Embroidery community project commemorates Ukraine invasion anniversary

Ariadne’s Thread, a local embroidery group for Ukrainian refugees, hosted an exhibition of tapestries and sewing projects for the second anniversary of the full-scale invasion of Ukraine.

The exhibition at the Rose Theatre, called Flowers We Give to Ukraine, showcased the work of the Kingston community but also from support groups in Uckfield and Canterbury.

“It is a difficult moment for a lot of people and for our friends in Ukraine,” said Magdalena Glowacka, the curator and founder for Ariadne’s Thread.

The main tapestry on show at the Rose was the first half of a recreation of Blue Cornflowers I give to Ukraine, a painting by Maria Prymachenko.

Credit: Elizabeth Sorrell

“We are here to make a difference for the women, mothers, and children who have been displaced,” said Glowacka.

The Canterbury for Ukraine Ladies’ Choir performed at the exhibition, singing popular Ukrainian folk songs and translating English songs into Ukrainian such as The White Cliffs of Dover.

“It’s a weird experience in the sense that I didn’t think that there would be space for Ukrainian music and culture here. There is definitely a sense of community which helps me not feel quite so useless,” said Nastia Nizalova, a singer for Canterbury for Ukraine Ladies’ Choir.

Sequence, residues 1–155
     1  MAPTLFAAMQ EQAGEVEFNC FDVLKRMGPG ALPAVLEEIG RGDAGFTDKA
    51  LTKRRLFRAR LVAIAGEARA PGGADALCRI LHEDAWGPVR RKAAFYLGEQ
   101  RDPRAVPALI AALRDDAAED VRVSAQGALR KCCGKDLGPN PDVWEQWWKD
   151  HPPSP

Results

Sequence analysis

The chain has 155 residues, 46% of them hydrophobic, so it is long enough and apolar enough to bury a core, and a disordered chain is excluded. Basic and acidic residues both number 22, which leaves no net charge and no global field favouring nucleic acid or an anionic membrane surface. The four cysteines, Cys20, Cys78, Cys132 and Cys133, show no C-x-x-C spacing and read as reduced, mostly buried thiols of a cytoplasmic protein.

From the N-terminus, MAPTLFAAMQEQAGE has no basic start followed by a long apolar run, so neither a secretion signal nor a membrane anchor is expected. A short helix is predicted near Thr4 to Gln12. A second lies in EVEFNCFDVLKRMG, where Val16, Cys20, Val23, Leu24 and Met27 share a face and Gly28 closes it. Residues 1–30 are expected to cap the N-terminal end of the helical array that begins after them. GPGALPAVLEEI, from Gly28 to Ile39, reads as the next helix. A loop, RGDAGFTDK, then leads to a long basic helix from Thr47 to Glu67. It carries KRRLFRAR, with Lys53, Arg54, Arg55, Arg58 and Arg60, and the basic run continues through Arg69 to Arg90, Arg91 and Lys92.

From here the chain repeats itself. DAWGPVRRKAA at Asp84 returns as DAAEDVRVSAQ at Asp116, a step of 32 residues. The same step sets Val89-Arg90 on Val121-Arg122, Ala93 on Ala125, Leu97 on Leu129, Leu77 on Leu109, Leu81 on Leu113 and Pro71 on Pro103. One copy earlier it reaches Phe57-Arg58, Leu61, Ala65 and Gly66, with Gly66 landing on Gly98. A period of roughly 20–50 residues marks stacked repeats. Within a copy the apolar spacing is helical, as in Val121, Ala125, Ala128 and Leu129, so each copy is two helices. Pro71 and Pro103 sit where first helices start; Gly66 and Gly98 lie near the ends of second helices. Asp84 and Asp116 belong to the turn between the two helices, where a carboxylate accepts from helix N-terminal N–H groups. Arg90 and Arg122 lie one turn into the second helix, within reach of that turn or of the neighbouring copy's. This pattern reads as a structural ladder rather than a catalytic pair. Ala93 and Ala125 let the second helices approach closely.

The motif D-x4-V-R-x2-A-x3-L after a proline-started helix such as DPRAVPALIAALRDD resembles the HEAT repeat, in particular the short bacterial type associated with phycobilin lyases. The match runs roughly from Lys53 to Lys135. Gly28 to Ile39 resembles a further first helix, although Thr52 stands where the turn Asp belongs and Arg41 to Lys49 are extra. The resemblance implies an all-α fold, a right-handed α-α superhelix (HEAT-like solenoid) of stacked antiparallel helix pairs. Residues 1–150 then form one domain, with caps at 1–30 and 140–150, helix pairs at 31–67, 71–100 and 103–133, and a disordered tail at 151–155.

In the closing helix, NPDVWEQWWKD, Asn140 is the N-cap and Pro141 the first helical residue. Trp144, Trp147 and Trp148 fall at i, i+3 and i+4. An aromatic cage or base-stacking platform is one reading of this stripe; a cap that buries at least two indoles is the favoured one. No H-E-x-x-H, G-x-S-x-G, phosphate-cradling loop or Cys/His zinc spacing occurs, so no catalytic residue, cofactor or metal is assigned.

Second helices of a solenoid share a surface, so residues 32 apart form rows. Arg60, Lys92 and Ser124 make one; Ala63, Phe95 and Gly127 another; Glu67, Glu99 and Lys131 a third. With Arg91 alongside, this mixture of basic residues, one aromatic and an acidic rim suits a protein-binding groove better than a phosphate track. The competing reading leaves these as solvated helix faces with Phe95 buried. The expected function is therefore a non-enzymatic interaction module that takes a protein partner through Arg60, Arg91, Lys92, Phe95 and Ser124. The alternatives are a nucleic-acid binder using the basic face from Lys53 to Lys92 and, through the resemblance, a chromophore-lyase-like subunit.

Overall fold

Credit: Elizabeth Sorrell

Nizalova has lived in Dover since before the war but joined the choir when it was founded a year and a half ago along with Ukrainian refugees.

“It is an opportunity to provide comfort. People find their friends and a new passion,” said Nizalova.

Afterwards, Iryna Andriyenko, a local music teacher and violinist, played other folk songs and accompanied soprano, Tamara Ravenhill.

Credit: Elizabeth Sorrell

Andriyenko has lived in Kingston for several years but joined Ariadne’s Thread after her mother Halyna moved in with her shortly after the invasion.

“Of course it’s a sad day tomorrow, this brings back a lot of memories. It is not an easy thing because the situation in Ukraine is not good right now,” said Andriyenko.

In attendance was Diane White, the Mayor of Kingston-Upon-Thames, to “celebrate the different communities here in Kingston”.

“Ukrainian refugees are very much part of our borough. It is wonderful to see both refugees and residents bring such richness,” said White.

Credit: Elizabeth Sorrell

Other tapestries on display were originally paintings by Masha and Sasha, non-verbal autistic girls from Ukraine embroidered across Germany, Poland, Ukraine, Sweden, and Norway.

Ariadne’s Thread is a sewing group aimed at Ukrainian refugees but welcomes refugees, migrants, and locals from all backgrounds to take part in the tapestries.

“Being non-verbal is also something people experience when they come to a new country. We help people that way, for the people who don’t have language,” said Glowacka.

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Reporter and former editor for the Kingston Courier.

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